Seemed his old red shirt with its smears of dirt,
               And a halo his mop of hair;

               And never a knight in a tournament
               Rode lists with a jauntier mien
               Than he of the drive who came alive

               Through the hell of the “Hulling Ma-

               He dragged me aboard with a giant swing,
               And he guided the rushing raft
               Serenely cool to the foam-flecked pool

               Where the dimpling shallows laughed.
               And he drawled as he poled to the nearest

               While I stuttered my gratitude:

               “I jest came through to show that crew
               I’m a match for a sportsman dude.”

               There are only two who have raced those falls
               And by lucky chance were spared:

               Myself dragged there in a fool’s despair
               And he, the man who dared!

               I make no boast, as you’ll understand,

               And there’s never a boast from him;

               And even his name is lost to fame--

               I simply know’twas “Jim.”

               If Jim was a fool, as I hear you say
               With a sneer beneath your breath,

               So were knights of old who in tourneys bold
               Lunged blithesomely down at Death.

               And if I who was snatched from the jaws of

               Am to name a knight to you,

               Here’s the Knight of the Firs, of the Spike-
                   S’ole Spurs,

               That man from Connor’s crew!


               A hundred miles through the wilds of Maine
               You soon may ride on a railroad train.

               Some Yankee hustlers have planned the scheme
               To take the place of the tote-road team.

               They have the charter, the grit and cash
               To stretch their tracks to the Allegash.

               Along the length of the forest route
               The woodland creatures will hear the hoot
               Of the bullgine’s whistle, where up to now
               The big bull moose has called his cow.

               And old Katahdin’s long fin-back
               Will echo loud with the clickity-clack
               Of wheels that merrily clatter and clash
               Through the sylvan wastes toward the Allegash.

               Sing hey! for the route to Churchill Lake,

               But oh, for the chap who twists the brake.

               His buckskin gloves will save the wear
               On his good stout palms, you know, but where
               Will he find relief when his throat is lame
               With the wrench of a yard-long Indian name?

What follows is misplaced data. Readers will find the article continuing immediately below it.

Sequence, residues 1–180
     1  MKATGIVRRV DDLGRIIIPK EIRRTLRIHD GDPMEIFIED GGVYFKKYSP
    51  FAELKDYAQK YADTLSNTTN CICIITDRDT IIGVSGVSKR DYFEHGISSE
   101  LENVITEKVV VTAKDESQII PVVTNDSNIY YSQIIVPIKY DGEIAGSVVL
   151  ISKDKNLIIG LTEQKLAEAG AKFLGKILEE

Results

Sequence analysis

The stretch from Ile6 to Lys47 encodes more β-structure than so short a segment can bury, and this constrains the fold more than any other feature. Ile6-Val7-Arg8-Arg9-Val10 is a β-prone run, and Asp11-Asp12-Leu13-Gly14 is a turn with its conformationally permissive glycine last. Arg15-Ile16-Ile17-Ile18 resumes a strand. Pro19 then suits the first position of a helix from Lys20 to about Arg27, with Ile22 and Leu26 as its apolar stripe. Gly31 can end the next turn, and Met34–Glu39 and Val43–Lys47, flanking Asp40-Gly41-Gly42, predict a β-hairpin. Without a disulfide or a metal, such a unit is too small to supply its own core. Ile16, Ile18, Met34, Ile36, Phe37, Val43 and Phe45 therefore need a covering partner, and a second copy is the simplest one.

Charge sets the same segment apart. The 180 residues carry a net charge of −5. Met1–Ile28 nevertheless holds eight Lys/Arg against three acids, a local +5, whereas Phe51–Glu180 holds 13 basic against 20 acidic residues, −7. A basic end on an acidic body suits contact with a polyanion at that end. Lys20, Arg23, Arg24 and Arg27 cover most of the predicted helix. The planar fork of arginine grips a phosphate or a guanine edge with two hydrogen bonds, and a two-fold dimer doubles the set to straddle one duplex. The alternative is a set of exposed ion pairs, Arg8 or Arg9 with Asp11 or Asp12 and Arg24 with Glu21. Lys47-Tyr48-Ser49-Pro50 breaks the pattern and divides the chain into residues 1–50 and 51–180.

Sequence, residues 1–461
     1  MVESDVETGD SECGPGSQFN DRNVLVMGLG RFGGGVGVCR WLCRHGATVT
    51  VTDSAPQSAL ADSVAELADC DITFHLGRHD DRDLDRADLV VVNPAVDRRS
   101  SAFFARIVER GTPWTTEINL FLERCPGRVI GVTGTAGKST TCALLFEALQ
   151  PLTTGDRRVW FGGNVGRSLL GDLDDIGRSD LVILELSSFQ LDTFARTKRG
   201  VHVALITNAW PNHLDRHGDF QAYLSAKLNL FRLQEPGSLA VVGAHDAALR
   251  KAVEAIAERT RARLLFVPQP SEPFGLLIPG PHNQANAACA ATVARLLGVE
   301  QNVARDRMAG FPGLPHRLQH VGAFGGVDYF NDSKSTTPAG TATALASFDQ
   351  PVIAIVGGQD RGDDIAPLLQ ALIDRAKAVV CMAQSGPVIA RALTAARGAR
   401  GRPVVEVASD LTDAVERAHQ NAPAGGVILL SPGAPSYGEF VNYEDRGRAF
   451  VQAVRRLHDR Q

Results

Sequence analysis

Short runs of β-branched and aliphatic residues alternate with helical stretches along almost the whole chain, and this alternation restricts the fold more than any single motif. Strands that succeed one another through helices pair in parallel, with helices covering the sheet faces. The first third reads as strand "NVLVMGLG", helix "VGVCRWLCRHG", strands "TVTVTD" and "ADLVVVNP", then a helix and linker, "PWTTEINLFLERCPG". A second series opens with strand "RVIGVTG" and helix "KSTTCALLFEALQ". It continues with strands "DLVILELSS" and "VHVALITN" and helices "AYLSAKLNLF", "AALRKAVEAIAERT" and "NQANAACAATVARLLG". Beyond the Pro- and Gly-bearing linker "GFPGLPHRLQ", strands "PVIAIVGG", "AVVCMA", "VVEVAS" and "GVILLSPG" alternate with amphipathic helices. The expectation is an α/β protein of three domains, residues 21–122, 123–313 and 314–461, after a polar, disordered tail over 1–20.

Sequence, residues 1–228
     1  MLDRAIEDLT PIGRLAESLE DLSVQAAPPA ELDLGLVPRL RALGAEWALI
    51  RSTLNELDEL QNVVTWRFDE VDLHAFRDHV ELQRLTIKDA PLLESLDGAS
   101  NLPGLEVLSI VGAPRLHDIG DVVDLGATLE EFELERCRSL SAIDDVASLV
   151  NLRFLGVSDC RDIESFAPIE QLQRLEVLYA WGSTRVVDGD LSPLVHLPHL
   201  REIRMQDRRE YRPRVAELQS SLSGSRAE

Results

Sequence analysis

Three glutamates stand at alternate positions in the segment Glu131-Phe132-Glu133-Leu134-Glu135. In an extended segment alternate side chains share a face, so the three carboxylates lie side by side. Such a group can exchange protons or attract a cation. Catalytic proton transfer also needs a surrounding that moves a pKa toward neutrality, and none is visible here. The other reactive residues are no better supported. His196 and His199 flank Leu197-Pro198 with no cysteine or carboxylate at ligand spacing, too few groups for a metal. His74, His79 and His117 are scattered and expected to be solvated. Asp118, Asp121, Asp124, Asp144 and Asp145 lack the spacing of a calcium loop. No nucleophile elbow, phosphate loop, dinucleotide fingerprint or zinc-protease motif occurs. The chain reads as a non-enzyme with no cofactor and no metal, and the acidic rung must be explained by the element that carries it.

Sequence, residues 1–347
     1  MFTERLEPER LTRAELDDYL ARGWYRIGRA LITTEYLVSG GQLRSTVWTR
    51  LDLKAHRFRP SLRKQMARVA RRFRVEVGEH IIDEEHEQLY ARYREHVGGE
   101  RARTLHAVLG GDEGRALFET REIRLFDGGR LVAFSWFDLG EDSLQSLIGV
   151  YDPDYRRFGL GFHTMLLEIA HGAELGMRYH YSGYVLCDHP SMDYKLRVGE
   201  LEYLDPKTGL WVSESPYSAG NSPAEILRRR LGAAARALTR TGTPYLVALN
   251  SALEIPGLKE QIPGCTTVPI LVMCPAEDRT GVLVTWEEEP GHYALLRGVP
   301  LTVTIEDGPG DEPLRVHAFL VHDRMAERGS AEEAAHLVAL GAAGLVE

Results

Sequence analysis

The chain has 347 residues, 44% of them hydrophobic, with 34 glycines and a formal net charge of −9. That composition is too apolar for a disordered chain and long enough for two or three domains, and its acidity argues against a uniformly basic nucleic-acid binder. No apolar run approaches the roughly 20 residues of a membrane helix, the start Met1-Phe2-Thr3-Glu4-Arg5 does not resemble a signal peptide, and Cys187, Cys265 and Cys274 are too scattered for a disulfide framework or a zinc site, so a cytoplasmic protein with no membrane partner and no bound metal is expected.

’Tis something, friend, of a lingual trick
               To say “Seboois” and “Wassataquoick,”

               “Lunksoos,” is tame and “Nesourdneheunk,”
                But what do you say to a verbal chunk
               To chew at once of the size of this:


               I don’t believe’twould phase a man
               To bellow out “Lah-kah-hegan
               His windpipe scarcely would get a crook
               By spouting forth, “Pong-kwahemook,”

               And even “Pata-quon-gamis”

               Is easy. But just look at this:

               Ah, where is he who wouldn’t run
               From “Ap-mo-jenen-ma-ganun”?

               E’en “Umbazookskus” scratches some,

               But doesn’t this just strike you dumb?


               Just think of having that to sock
               Athwart the palpitating air
               Straight at a frightened passengaire.

               Hot bearings can be swabbed with oil,

               And busted culverts yield to toil,

               One can replace a broken rail
               But larynxes are not on sale.

               So, while it’s hey for Churchill Lake
               It’s oh, for the chap who twists the brake.


                   _The wangan camp! *

                        The wangan camp!

               Did ye ever go a-shoppin’ in the wangan

               You can get some plug tobacker or a lovely
                   corn-cob pipe,

                        * _The wangan is the woods store that most of the
                        Maine lumber camps maintain._

               Or a pair o’ fuzzy  trowsers that was picked
                   before they’s ripe.

               They fit ye like your body had a dreadful
                   lookin’ twist;

               There is shirts that’s red and yaller and with
                   plaids as big’s your fist;

               There are larrigans and shoe-packs for all
                   makes and shapes of men,

               As yaller as the standers of a Cochin China

               The goods is rather shop-worn and purraps a
                   leetle damp,

               --But you take ’em or you leave ’em--either